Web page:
The Furniture of Philosophy
‘Congratulations, young man.’
‘Thank you, sir.’
A first… said as though it were not possible that a first and an eyebrow piercing could ever go hand in hand. But it was true.
Dixon nodded slowly. ‘Yes sir. A first.’
‘Congratulations.’ The Vice-Chancellor said it again, as though hoping his voice would muster a little more enthusiasm second time round. ‘So,’ and here he paused, savouring for a moment the discomfort he expected he was about to inflict, ‘what do you intend to do with it?’
To be honest, Dixon had given it no thought. He had taken his degree for what seemed to him to be the best – the only – possible reason: that he was interested in the subject. For everyone else, it had become apparent, this was the worst possible reason to do something: to be merely interested in it. Further considerations? He’d had none, had none now. So, what would he do with it? As the Vice-Chancellor waited, ideas flitted through Dixon’s head, but none would settle. What would he do with Philosophy? He mulled the word round and round, looking for connections, random associations; something, anything, to grab out of the darkness. Philosophy… philosophy… philosophy… furniture. The word came to him abruptly; for a moment he could not work out why. Then he recalled it: Philosophy of Furniture. A story – no, more an essay – by… who was it? Poe? Yes, Poe. He was sure now. He had never actually read it, of course; or rather, he had read only the first line, long ago – something about the English being supreme – and had on this basis alone held its abbreviated memory in fond regard ever since. So: Philosophy of Furniture. Perfect. Aesthetics: yes, he had excelled particularly in aesthetics.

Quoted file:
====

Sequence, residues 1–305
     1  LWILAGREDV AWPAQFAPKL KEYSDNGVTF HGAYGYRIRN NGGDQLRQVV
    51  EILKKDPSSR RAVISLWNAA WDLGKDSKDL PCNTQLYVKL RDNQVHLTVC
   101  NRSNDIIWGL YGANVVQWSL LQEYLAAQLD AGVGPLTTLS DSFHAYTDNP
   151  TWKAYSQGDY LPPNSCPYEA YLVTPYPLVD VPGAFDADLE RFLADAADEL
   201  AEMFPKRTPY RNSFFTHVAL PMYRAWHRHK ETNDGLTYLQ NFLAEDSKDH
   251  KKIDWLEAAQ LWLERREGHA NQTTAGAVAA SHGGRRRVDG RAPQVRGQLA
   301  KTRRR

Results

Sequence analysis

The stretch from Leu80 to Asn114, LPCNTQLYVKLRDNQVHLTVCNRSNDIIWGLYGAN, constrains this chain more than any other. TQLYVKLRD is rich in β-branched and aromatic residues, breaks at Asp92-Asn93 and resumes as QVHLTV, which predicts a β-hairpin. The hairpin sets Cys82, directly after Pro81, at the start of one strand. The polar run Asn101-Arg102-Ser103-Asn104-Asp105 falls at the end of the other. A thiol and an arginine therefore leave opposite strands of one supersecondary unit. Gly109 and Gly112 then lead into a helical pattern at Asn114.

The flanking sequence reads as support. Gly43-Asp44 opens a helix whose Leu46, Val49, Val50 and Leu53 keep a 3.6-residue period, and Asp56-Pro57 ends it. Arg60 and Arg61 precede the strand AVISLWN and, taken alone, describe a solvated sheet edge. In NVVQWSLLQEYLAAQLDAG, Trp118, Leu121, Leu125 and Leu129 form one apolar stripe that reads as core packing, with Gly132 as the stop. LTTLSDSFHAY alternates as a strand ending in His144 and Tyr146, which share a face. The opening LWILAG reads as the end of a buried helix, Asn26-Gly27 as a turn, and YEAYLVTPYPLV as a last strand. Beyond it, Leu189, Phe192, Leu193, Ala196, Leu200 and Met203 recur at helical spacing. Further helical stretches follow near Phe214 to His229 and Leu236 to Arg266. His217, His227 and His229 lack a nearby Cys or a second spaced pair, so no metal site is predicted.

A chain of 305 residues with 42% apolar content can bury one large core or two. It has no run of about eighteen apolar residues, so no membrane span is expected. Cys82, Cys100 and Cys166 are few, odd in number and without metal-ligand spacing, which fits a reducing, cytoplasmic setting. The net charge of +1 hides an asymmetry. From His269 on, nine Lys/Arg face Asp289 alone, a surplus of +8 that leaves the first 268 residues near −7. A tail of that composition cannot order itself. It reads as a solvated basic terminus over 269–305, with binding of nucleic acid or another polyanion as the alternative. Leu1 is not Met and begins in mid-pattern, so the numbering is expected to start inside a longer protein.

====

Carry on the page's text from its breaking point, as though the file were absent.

So, his reply: ‘I was thinking of going into furniture design.’
The Vice-Chancellor stood, speechless, his handshaking-hand still extended. His expression said: well, this is exactly the kind of nonsense, the kind of desperate, unrealistic, detached-from-reality nonsense that we expect from philosophy graduates.
Finally he nodded. ‘Very good. Very good.’ The Vice-Chancellor moved on down the line to the next expectant twenty-one year old right hand.
Dixon stood there feeling… what? Humiliated? No, not even embarrassed. Elated. Inspired. He knew now what his niche would be: the furniture of philosophy. A philosophically aesthetic, aesthetically philosophical approach to design, along the best academic principles of Western Thought – aesthetic in the modern sense, of course, with reference to the idea of beauty in art and nature, following the usage derived from the 18th Century German philosopher A.G. Baumgarten. But that goes without saying.
And it has served him well. He has had his workshop for twenty years now. If Tolstoy was correct that the value of art is based upon “the capacity of man to receive another man’s expression of feeling and experience those feelings himself,” what feelings are experienced through the appreciation of the furniture of Dixon Smith? Existential discomfort and haemorrhoids, most likely. In spite of this, his furniture has won many awards, and he is happy in his own quiet way. But the meaning of life still eludes him.
"Tomo, can I please just stay home?" you asked as you pulled your legs up to rest against your chest as you sat in your living room.
“No, now get up.” your brother said.
You let out a sigh as you let your legs down and made a pouty face.
“Pout all you want, y/n!” Tomo said as he walked back into the living room.
Your pout turned into a little sneer. “I don’t like you.” You got up with a huff and started to make your way towards your room. You love your brother to death, but today you just wanted to stay home and veg out.
After cursing Tomo in your head a little more, you finally grabbed a simple black v-neck and a pair of black leggings. Taming your hair was another story though. The brush and flat iron waged a war with the tangled raven hair. This definitely took up most of your time. Once that was done and out of the way, you started the makeup process.
“What’s taking you so long?” Tomo poked his head in to see if you were ready or if you had managed to escape through your window.
“Five minutes and I’m done!” You said without looking away from the mirror before you. Luckily, you had mastered the craft of putting on a decent face in 10 minutes early on thanks to early morning classes and having an older brother that liked to rush you.
“Come on!” Tomo groaned at you as he walked into your room a little further.
“Ok, I’m done.” You said as you got up and went to put your flats on. “God, I hope you’re not like this with Vicki.”
“Don’t worry about it. Now let’s go.”
"Where are we exactly?" You ask once the car stopped in front of a house in the Hollywood hills.